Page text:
Introduction

Most Microcontrollers have a built in Serial USB functionality that can not be changed (e.g. ESP32, ESP8266, Arduino Nano etc). Some Microcontrollers however allow to (re-)progam the USB functionality (e.g. Raspberry Pico, ESP32-S2, seeeduino xiao etc) and
TinyUSB is the project of choice for this.

A Microcontroller can either act as USB host or as device. In this blog I will concentrate on the USB device functionality, because this is where the library shines.

A TinyUSB device can acts as

  • CDC Device (e.g. for Serial communication)
  • Audio Device (microphone, music player)
  • HID device (e.g. mouse or keyboard)
  • MIDI device (to generate or play MIDI music)
  • WebUSB device
  • Network device (providing TCP/IP functionality over USB)

In the examples folder you can find the code that demonstrates how to use the functionality.

A short introduction into USB

USB is quite a daunting beast and tremendously complex. In order to understand the library you need to understand the concept of descriptors. BeyondLogic has an excellent introduction that I can recommend. In a nutshell you usually have:

  • One Device Descriptor
  • Usually one Configuration Descriptor
  • One or many Interface Descriptors for each configuration
  • One or many Endpoint Descriptors for each interface

On top of these standard descriptors each devices might describe their additional device specific descriptors. And finally there is the possibility to define strings and use them with their index position.

Anatomy of a TinyUSB Example

The examples are usually structured into 3 files:

  • tusb_config.h – which contains the configuration
  • usb_descriptors.c – which contains the descriptors and their related callbacks
  • main.c – which contains the main logic and the implementation of callbacks

However, you have quite some flexibility how to structure this in your own projects:

  • You could use C++ so you have .cpp instead of .c implementation files
  • You could combine the content of usb_descriptors.c and the main.c into one single implementation file (e.g. myproject.c).
  • If you want to avoid the tusb_config.h, you can can use the CFG_TUSB_CONFIG_FILE define to point to your own header file name. You can do this e.g. in your CMakeList.txt with
add_compile_options(-CFG_TUSB_CONFIG_FILE=myproject.h ...

The TinyUSB Configuration – tusb_config.h

The examples have quite some complexity because they need to support all types of environments. We can try to boil it down to the bare minimum which should work in most of the cases:

#pragma once

//--------------------------------------------------------------------
// DEVICE CONFIGURATION
//--------------------------------------------------------------------
//#define BOARD_DEVICE_RHPORT_NUM     0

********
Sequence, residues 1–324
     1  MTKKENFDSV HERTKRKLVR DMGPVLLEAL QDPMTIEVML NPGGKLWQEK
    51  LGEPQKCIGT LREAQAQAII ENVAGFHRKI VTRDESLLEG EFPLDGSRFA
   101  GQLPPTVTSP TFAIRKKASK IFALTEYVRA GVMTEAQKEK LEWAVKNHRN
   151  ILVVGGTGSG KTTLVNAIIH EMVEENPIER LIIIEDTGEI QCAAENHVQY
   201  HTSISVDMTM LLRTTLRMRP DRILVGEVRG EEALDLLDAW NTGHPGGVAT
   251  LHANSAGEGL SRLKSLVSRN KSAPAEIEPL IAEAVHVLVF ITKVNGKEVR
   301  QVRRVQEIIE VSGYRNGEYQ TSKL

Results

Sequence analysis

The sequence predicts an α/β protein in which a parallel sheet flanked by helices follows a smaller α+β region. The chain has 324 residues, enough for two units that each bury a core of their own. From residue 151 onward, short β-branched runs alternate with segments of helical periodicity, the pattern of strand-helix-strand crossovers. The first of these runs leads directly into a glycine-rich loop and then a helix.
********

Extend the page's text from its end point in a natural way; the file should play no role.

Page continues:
#define BOARD_DEVICE_RHPORT_SPEED   OPT_MODE_HIGH_SPEED
#define CFG_TUSB_RHPORT0_MODE      (OPT_MODE_DEVICE | BOARD_DEVICE_RHPORT_SPEED)
#define CFG_TUD_ENDPOINT0_SIZE    64

//------------- CLASS -------------//
#define CFG_TUD_CDC               0
#define CFG_TUD_MSC               0
#define CFG_TUD_HID               0
#define CFG_TUD_MIDI              1
#define CFG_TUD_VENDOR            0

// MIDI FIFO size of TX and RX
#define CFG_TUD_MIDI_RX_BUFSIZE   (TUD_OPT_HIGH_SPEED ? 512 : 64)
#define CFG_TUD_MIDI_TX_BUFSIZE   (TUD_OPT_HIGH_SPEED ? 512 : 64)



We define the maximum size of the endpoint and activate the classes that we want to use in our project. The number indicates the number of Interfaces that we want to define. In the example above we define that we use two CDC and one MIDI device.

The Descriptors – usb_descriptors.c

The descriptors need to be provided by implementing the following 3 callback methods:

uint8_t const * tud_descriptor_device_cb(void)
uint8_t const * tud_descriptor_configuration_cb(uint8_t index)
uint16_t const* tud_descriptor_string_cb(uint8_t index, uint16_t langid)

The tud_descriptor_device_cb provides the device profile and the tud_descriptor_configuration_cb provides the concatenated Configuration, Interface and Endpoint profiles.
The tud_descriptor_string_cb is responsible to provide the Strings in UTF8.

All the complexity in the usb_descriptors.c is related to the definition of the descriptors!

The Program Logic – main.c

The basic anatomy of the TinyUSB logic is quite simple:

  • You need to setup the board by calling board_init()
  • You need to setup the usb functionality by calling tusb_init()
  • You need to call tud_task() – as often as possible to make the ‘midi engine’ do it’s work.

The remaining parts are application specific: you might want to do some actual midi generation or send some messages via cdc and blink your leds.


int main(void) { board_init(); tusb_init(); while (1) { tud_task(); // tinyusb device task midi_task(); led_blinking_task(); } return 0; }

In order to be able to react to some events, the following callbacks are provided by the framework:

void tud_mount_cb(void) // Invoked when device is mounted
void tud_umount_cb(void) // Invoked when device is unmounted
void tud_suspend_cb(bool remote_wakeup_en) // Invoked when usb bus is suspended
void tud_resume_cb(void) // Invoked when usb bus is resumed

In the examples, these callback methods are used to change the LED blinking speed.

Categories: ArduinoPico

1 Comment

luliyt · 13. September 2021 at 16:53

In section – tusb_config.h, you’ve defined CFG_TUD_CDC as 0 instead of 2 as mentioned in the paragraph below the tusb_config.h.

We define the maximum size of the endpoint and activate the classes that we want to use in our project. The number indicates the number of Interfaces that we want to define. In the example above we define that we use “two CDC” and one MIDI device.

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